Sitting on top of Nook’s Rock a light breeze rattled the pines. I felt “shush’ed” into silence. My dog circled 20 feet below, tripping about as he looked up at his papa, sitting there Indian-style like a Patagonia-clad devotee. 20 seconds ago I’d ticked off a little project called “Nook’s Rock Traverse,” alone in the woods. I was supposed to feel jovial. I was supposed to yawp to the sky and grin maniacally and dance a jig atop the monstrous boulder. Instead, I plunked down and breathed heavily, looking below at my dog. Back and forth he ran. Stopped. Looked up. Back and forth again. I sighed, opened my chalk bag, and down-climbed a warm-up route to the ground.
Packing up the pad an act entirely soulless. I’d just done a problem that should have brought joy, but instead I felt the surrounding forest a harbor of loneliness. Hunched over my trinkets I felt like Ahab or Don Quixote, a sucker on a fool’s errand. The climbing shoes looked ridiculous on my feet. The scars on my hands meaninglessly self-inflicted and for the first time objectionable. I felt victim to an unnamed syndrome. All this, after sending a nice little proj on beatiful Flagstaff Mountain in Boulder, my most hallowed stomping grounds.
A friend was meeting up with me in the afternoon, and as I didn’t want to shred my skin before the next session, I climbed the hill and jumped in my car for a two hour nap. I didn’t sleep, though. I thought. And thought and thought and thought. I thought, “Why do I climb these stupid little boulders? What does it all mean?” I also thought, most of all, “Why didn’t I feel one speck of satisfaction after topping out that 20 move monster? Why do I feel so…lame?”
Answers – solutions – like anything important, come wrapped in layers of brick and mortar. Chiseling and picking is the only way. Figuring the perfect equation feels like spinning a Zen koan in the mind until the little bugger lands right side up. And there are no guarantees to a solution at all, most times. Especially in a one-sided diatribe in the packed auditorium of your own mind.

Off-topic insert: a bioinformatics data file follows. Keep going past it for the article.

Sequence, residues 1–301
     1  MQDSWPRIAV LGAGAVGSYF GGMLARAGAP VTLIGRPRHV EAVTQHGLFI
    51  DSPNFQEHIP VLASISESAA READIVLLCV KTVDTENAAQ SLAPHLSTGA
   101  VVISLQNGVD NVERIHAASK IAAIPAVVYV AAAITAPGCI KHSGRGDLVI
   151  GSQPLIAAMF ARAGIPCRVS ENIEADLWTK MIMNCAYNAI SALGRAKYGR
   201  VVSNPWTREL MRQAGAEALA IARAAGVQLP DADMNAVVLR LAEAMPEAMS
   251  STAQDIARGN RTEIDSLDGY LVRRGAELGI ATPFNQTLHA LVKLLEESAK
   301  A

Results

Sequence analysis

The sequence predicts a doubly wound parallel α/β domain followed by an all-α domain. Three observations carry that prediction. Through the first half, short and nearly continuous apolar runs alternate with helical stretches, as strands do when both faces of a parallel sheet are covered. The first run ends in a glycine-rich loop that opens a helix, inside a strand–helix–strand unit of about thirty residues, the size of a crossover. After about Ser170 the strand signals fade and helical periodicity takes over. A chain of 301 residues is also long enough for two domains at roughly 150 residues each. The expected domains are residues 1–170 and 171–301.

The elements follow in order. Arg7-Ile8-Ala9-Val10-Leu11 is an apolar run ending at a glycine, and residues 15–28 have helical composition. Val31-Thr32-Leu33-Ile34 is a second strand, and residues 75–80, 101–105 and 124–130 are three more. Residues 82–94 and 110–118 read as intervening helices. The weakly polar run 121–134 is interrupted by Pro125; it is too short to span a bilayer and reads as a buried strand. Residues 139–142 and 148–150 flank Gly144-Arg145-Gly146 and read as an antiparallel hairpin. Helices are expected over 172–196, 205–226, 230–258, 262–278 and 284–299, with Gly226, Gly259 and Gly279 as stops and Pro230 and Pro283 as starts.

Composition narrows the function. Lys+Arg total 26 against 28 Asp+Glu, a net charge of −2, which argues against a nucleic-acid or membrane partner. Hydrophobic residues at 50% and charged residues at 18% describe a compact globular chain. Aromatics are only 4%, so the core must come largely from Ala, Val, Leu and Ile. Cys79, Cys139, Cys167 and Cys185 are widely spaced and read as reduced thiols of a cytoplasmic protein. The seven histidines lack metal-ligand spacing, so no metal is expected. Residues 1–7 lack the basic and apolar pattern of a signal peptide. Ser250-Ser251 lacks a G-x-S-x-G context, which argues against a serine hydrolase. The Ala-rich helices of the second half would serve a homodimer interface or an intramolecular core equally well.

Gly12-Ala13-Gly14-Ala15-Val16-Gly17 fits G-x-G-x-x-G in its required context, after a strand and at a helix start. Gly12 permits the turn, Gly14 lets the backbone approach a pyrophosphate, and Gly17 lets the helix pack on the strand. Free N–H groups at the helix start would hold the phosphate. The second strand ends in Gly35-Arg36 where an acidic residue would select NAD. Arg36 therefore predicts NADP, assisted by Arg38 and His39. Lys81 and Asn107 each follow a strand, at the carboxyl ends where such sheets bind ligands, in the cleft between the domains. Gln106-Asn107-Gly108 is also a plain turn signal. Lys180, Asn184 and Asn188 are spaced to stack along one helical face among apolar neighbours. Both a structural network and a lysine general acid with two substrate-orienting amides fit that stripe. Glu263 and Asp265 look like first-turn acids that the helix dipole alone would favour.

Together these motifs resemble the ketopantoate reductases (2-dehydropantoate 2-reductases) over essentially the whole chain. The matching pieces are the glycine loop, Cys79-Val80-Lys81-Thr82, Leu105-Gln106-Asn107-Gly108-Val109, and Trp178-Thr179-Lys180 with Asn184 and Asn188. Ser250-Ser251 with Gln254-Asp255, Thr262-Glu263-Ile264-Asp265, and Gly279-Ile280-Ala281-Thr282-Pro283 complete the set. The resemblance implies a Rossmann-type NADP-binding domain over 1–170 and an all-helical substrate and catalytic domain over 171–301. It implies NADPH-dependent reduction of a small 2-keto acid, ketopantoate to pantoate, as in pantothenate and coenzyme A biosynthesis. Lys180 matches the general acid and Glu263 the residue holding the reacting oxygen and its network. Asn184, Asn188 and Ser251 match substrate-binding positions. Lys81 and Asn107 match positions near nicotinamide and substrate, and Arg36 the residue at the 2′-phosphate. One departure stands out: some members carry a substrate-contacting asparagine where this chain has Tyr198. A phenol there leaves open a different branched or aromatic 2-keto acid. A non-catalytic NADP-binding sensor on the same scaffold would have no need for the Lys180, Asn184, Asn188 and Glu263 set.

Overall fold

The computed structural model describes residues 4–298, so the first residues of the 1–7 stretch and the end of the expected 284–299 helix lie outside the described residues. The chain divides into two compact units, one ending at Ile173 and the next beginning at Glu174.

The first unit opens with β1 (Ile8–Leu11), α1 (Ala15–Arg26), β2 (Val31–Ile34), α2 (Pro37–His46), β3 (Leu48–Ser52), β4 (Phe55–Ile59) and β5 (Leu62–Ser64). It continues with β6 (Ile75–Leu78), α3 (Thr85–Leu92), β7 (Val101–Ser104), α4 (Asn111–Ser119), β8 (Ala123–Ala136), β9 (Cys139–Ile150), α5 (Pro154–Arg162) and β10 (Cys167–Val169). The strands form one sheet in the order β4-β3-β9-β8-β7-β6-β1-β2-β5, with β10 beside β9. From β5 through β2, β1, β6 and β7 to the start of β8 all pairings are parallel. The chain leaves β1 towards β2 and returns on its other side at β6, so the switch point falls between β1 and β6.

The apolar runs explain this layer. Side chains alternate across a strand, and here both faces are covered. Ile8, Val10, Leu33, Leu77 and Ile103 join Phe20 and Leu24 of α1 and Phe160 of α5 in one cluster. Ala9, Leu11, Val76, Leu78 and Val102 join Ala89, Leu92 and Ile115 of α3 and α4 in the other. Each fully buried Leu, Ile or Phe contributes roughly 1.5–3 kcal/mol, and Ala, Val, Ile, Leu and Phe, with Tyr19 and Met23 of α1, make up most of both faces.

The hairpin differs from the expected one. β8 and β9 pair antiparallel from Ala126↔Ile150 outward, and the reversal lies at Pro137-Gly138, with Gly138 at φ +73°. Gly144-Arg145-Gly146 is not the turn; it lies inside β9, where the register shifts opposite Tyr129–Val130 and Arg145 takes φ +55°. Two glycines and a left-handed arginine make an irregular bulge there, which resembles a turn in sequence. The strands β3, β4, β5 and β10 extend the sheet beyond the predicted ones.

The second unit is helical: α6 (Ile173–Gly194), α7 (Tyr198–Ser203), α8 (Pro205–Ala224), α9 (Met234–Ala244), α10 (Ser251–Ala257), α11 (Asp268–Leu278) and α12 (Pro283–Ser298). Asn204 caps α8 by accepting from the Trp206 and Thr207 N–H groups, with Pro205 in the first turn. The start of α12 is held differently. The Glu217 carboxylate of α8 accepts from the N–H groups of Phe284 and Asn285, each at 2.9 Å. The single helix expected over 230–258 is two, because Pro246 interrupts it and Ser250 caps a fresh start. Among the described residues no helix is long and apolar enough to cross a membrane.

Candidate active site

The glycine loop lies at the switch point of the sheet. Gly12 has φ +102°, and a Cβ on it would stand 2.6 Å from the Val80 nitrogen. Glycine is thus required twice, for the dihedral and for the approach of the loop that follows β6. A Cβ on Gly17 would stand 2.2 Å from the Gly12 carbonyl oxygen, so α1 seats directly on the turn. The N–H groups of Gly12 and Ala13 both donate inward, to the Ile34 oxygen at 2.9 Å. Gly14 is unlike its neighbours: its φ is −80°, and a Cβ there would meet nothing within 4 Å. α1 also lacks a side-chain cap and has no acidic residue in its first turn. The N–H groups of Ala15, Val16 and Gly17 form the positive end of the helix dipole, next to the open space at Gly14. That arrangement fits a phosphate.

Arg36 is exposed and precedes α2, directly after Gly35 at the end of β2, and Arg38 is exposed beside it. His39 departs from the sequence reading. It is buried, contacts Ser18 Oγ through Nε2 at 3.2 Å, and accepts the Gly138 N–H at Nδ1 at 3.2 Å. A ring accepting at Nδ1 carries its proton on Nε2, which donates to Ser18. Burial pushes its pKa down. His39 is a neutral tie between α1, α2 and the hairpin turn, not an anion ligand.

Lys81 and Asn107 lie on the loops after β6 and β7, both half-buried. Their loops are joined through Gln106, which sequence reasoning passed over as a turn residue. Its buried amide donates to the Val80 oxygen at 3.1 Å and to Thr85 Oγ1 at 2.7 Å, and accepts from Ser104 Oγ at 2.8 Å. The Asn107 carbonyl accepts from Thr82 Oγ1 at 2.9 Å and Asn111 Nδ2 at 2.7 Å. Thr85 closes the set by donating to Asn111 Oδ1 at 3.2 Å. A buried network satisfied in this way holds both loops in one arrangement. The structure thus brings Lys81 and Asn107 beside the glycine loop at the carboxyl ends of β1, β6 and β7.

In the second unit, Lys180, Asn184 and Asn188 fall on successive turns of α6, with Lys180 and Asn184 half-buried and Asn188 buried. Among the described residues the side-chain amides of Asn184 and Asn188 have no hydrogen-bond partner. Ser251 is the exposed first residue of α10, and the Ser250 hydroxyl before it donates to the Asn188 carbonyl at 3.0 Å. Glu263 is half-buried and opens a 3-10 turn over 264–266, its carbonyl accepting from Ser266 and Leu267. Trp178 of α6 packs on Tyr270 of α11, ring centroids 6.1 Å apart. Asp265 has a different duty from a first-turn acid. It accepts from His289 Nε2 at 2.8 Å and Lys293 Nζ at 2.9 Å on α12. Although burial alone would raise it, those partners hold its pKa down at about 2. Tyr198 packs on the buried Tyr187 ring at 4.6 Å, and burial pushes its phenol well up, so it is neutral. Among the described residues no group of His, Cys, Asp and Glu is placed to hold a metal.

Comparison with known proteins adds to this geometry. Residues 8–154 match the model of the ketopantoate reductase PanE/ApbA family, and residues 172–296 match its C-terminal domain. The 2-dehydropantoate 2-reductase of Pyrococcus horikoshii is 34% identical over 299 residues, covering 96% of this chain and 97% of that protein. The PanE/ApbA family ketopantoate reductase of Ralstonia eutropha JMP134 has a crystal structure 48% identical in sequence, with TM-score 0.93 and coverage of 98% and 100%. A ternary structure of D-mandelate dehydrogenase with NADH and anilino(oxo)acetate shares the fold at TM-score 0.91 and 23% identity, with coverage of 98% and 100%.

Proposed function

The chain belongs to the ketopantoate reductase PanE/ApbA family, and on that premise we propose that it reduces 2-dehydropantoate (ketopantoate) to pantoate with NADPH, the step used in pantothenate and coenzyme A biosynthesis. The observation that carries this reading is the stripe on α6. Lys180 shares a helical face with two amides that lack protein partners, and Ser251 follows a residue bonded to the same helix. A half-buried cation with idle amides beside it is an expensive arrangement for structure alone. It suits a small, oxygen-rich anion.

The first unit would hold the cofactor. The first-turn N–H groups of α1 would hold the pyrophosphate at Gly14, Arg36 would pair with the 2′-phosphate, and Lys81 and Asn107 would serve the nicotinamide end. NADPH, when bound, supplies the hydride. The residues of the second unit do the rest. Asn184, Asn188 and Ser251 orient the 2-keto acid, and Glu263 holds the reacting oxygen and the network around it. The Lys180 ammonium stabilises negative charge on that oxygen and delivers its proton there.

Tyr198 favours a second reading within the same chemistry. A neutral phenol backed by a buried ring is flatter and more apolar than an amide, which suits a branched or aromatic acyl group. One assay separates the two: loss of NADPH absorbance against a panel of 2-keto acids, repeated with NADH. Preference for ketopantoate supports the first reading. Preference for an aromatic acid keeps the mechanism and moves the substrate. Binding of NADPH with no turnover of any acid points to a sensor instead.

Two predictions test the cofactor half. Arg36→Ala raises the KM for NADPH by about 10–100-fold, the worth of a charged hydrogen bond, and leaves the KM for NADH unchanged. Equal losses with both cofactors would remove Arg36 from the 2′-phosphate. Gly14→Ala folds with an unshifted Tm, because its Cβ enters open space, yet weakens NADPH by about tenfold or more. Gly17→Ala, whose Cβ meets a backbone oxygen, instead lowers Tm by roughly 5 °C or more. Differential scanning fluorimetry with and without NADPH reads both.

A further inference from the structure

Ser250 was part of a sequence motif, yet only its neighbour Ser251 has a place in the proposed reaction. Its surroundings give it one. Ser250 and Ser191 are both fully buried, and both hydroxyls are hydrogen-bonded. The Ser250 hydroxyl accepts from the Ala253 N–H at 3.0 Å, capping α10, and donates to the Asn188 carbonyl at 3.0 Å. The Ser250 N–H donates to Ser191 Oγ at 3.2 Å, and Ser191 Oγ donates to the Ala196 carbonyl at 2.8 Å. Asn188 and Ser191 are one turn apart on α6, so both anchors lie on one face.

It didn’t take long to smoke out why I climb. I climb like I read books, or run, or write. It feels natural and good. I have many homes in the landscape of my mind, but climbing sits atop the most beautiful peak. When I’m there I feel free and athletic and more powerful. I feel at home with my paw in a chalk bag like my grandmother did with a hand in an oven mitt. My problems don’t disappear so much as slink back in fear of the granite or limestone or gneiss I’m pulling onto. Yet, neither are the problems defeated by the raw physical power of the act nor by the deaf and disinterested stone upon which they bash themselves. The problems are banished and told to get to the back of the line for a few short hours because the paparazzi of the senses has arrived to snap photos of the most important mental juggernaut living on Mount Person…Happy Fun Time. Shut up and sit down, problems; we all know you’ll be there when this damn session comes to a chalk-dusty end…
Yet, “Nook’s Rock Traverse” lent me a pensive frown where I should have slapped my thighs and roared like a lion over a kill. I hadn’t been thinking of my problems…the traverse went down quiet and slow and with perfect harmony. My beta was dialed and it felt…easy. So, what had my craw? Why was I acting like such a Sad Sally all locked up in my Ford Focus on my favorite bouldering mountain in the Front Range? I scanned the car. My dog slept because dogs don’t have problems. My crashpad sat closed because it is a device of utility and only alive when launched into motion. My shoes asleep inside the pack, a perfectly warm little burrito of recreation. And me, the only human heart beating in the car, a rearview mirror reflection my doppelganger companion. The only one in the car. The only one.
Were I a student of Confucius, I would have been raked upon the temple with a snappy little sapling. The irony of it all is almost astounding, despite my very thick skull and slow wits. “Nook’s Rock Traverse” felt easy as cheese and I sent it almost immediately and the temps were perfect and the sun shone while sometimes flecked with dry dustings of snow. But it wasn’t perfect and it wasn’t complete. It was a record setting swim around a desert island, upon which one lives. It was deciphering the layered semantics and symbolism of Ulysses in the sterile grayness of solitary confinement. It was George Lucas forgetting his perfect dream in the morning…
It was climbing alone when one doesn’t want to.